X
Forgot Password

If you have forgotten your password you can enter your email here and get a temporary password sent to your email.

APC anti-mouse IL-17A antibody

RRID:AB_536018

Antibody ID

AB_536018

Target Antigen

IL-17A See NCBI gene mouse

Proper Citation

(BioLegend Cat# 506916, RRID:AB_536018)

Clonality

monoclonal antibody

Comments

Applications: ICFC

Clone ID

Clone TC11-18H10.1

Host Organism

rat

Vendor

BioLegend Go To Vendor

Cat Num

506916

Publications that use this research resource

Fas Promotes T Helper 17 Cell Differentiation and Inhibits T Helper 1 Cell Development by Binding and Sequestering Transcription Factor STAT1.

  • Meyer Zu Horste G
  • Immunity
  • 2018 Mar 20

Literature context:


Abstract:

The death receptor Fas removes activated lymphocytes through apoptosis. Previous transcriptional profiling predicted that Fas positively regulates interleukin-17 (IL-17)-producing T helper 17 (Th17) cells. Here, we demonstrate that Fas promoted the generation and stability of Th17 cells and prevented their differentiation into Th1 cells. Mice with T-cell- and Th17-cell-specific deletion of Fas were protected from induced autoimmunity, and Th17 cell differentiation and stability were impaired. Fas-deficient Th17 cells instead developed a Th1-cell-like transcriptional profile, which a new algorithm predicted to depend on STAT1. Experimentally, Fas indeed bound and sequestered STAT1, and Fas deficiency enhanced IL-6-induced STAT1 activation and nuclear translocation, whereas deficiency of STAT1 reversed the transcriptional changes induced by Fas deficiency. Thus, our computational and experimental approach identified Fas as a regulator of the Th17-to-Th1 cell balance by controlling the availability of opposing STAT1 and STAT3 to have a direct impact on autoimmunity.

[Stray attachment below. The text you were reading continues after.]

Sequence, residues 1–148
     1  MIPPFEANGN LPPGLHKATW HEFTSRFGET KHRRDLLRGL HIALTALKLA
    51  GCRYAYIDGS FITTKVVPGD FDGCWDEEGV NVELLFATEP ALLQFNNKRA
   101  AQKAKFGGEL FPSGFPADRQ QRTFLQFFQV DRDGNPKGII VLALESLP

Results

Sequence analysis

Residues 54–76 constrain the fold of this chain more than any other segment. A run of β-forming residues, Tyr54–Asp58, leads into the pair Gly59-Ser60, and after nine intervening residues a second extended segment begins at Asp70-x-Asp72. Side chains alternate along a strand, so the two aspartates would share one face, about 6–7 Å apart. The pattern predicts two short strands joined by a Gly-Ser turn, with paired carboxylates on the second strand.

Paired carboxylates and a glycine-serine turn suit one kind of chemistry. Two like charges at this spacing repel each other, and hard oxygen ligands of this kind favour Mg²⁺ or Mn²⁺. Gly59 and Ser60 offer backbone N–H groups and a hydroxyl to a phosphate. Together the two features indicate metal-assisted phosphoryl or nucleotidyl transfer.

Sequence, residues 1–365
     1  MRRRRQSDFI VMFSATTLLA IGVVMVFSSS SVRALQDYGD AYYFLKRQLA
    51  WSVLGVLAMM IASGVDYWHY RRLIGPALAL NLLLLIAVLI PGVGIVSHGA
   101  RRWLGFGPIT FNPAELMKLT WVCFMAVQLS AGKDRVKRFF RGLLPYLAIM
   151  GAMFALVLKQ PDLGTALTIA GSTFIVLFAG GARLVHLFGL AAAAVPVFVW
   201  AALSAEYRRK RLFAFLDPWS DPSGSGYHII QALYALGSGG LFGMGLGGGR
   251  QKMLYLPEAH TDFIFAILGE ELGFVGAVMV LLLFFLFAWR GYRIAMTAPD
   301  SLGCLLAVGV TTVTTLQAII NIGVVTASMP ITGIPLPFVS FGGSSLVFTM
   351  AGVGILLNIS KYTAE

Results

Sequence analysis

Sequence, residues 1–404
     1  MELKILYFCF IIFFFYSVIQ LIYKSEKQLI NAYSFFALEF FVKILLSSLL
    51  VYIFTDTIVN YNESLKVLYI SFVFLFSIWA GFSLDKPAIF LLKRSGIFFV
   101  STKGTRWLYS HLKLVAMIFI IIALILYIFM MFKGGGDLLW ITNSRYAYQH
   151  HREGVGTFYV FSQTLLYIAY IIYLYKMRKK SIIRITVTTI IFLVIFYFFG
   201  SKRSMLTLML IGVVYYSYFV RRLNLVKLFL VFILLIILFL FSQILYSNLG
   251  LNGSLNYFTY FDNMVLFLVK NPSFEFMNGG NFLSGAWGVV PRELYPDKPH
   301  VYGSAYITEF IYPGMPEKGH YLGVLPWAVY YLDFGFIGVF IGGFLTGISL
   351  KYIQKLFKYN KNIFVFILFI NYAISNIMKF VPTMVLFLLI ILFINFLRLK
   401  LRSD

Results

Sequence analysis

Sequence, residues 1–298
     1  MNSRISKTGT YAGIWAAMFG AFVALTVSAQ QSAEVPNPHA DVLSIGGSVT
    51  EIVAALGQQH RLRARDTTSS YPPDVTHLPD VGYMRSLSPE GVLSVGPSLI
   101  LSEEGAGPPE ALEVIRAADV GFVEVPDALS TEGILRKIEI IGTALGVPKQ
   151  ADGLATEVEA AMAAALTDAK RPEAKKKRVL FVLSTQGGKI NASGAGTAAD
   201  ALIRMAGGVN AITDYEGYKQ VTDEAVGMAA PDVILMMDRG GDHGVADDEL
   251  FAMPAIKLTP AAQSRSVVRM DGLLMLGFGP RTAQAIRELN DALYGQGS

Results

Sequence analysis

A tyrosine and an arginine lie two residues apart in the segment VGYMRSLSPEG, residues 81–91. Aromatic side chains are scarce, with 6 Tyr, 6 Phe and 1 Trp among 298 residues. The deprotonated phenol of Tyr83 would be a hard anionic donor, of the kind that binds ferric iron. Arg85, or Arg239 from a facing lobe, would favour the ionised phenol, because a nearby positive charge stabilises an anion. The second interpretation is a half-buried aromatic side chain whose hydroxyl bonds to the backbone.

Funding information:
  • NIGMS NIH HHS - R37 GM034496(United States)

CRIg, a tissue-resident macrophage specific immune checkpoint molecule, promotes immunological tolerance in NOD mice, via a dual role in effector and regulatory T cells.

  • Yuan X
  • Elife
  • 2017 Nov 24

Literature context:


Abstract:

How tissue-resident macrophages (TRM) impact adaptive immune responses remains poorly understood. We report novel mechanisms by which TRMs regulate T cell activities at tissue sites. These mechanisms are mediated by the complement receptor of immunoglobulin family (CRIg). Using animal models for autoimmune type 1 diabetes (T1D), we found that CRIg+ TRMs formed a protective barrier surrounding pancreatic islets. Genetic ablation of CRIg exacerbated islet inflammation and local T cell activation. CRIg exhibited a dual function of attenuating early T cell activation and promoting the differentiation of Foxp3+ regulatory (Treg) cells. More importantly, CRIg stabilized the expression of Foxp3 in Treg cells, by enhancing their responsiveness to interleukin-2. The expression of CRIg in TRMs was postnatally regulated by gut microbial signals and metabolites. Thus, environmental cues instruct TRMs to express CRIg, which functions as an immune checkpoint molecule to regulate adaptive immunity and promote immune tolerance.

Funding information:
  • NIGMS NIH HHS - T32 GM07270(United States)